Policing in small communities: hybrid departments
I back the Blue, so this is no way a bashing of our local police departments.
This is just a column on what some small rural police departments have implemented to become more efficient with rural policing issues.
Most small town police departments will tell you the trifecta of problems they face are recruiting, retention, and budgets.
A tiny community in Wisconsin has tackled those problems, and it appears they’ve been successful at it.
Chief James Small heads the Palmyra Public Safety Department in a small Wisconsin village with fewer than 2,000 residents.
The department has 6.5 positions, all of them cross-trained as police, firefighters, and EMS providers. They also have another 18 volunteers who are on call trained in fire, EMS, or both.
Small admits his biggest challenge to date was dealing with the internal culture of the department and rebuilding trust in the community.
He designed and implemented a new hiring process. He weeded the badge-heavy punishers out and hired problem solvers.
Since the onset of that hiring process turnover has slowed to nearly a stop. Pay and benefits, routinely cited as reasons for turnover doesn’t seem to play a role. The average wage for a Palmyra officer is 30 percent below the rate paid by a nearby metro department. Nevertheless, his department’s retention is up.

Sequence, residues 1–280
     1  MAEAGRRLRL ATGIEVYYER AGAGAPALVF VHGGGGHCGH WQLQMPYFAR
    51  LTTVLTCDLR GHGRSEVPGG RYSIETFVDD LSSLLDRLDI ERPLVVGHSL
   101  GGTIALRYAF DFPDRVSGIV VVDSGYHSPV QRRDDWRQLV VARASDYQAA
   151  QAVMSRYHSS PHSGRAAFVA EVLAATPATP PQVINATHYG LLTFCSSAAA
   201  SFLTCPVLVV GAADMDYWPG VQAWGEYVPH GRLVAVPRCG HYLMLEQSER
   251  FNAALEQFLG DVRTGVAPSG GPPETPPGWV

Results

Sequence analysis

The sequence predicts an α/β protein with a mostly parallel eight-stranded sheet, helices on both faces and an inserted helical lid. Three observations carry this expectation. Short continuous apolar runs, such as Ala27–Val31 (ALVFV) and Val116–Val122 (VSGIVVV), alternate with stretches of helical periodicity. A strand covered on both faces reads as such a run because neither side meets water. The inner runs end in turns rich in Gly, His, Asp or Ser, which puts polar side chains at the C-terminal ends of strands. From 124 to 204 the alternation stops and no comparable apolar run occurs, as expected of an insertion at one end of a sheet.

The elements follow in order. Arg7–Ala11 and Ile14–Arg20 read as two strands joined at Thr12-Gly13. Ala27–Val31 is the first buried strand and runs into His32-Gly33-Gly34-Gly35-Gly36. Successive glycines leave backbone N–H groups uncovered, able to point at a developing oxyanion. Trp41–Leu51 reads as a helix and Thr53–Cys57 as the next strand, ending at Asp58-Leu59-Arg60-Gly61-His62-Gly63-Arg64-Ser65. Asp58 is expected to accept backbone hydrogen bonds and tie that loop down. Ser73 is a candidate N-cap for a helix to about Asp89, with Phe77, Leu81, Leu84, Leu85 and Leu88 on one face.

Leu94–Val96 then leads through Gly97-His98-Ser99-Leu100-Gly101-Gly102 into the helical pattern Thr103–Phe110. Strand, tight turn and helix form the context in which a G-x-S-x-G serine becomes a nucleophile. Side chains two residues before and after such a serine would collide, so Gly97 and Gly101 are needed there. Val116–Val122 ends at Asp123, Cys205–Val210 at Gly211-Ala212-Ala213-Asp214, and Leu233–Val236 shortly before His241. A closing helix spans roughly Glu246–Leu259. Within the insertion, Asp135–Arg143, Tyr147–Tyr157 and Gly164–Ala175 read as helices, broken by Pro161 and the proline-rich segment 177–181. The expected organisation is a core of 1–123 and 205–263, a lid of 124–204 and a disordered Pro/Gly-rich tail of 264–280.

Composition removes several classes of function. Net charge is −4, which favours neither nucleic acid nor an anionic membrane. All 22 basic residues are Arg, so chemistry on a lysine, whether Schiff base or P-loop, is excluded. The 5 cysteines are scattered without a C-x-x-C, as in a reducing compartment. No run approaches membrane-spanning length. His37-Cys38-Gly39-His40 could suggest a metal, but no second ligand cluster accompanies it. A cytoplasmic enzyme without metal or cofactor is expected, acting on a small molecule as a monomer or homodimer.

It appears how the department is run does indeed make a difference.
Small states for him, it’s all about his officers, and the community.
The combined services model may not be the fit for every small town, but it is an option.
Thinking outside the box is a definite plus.
A law enforcement agency needs two things to run efficiently: good people and an excellent leader.
Choose the best you can find and train them well.
Small stated, “I hired ADULTS, smart people. I expect that they work together to accomplish goals. I expect team work.”
Small concluded, “Hire smart people, explain your expectations and then leave them alone to do their job.”
See you out there.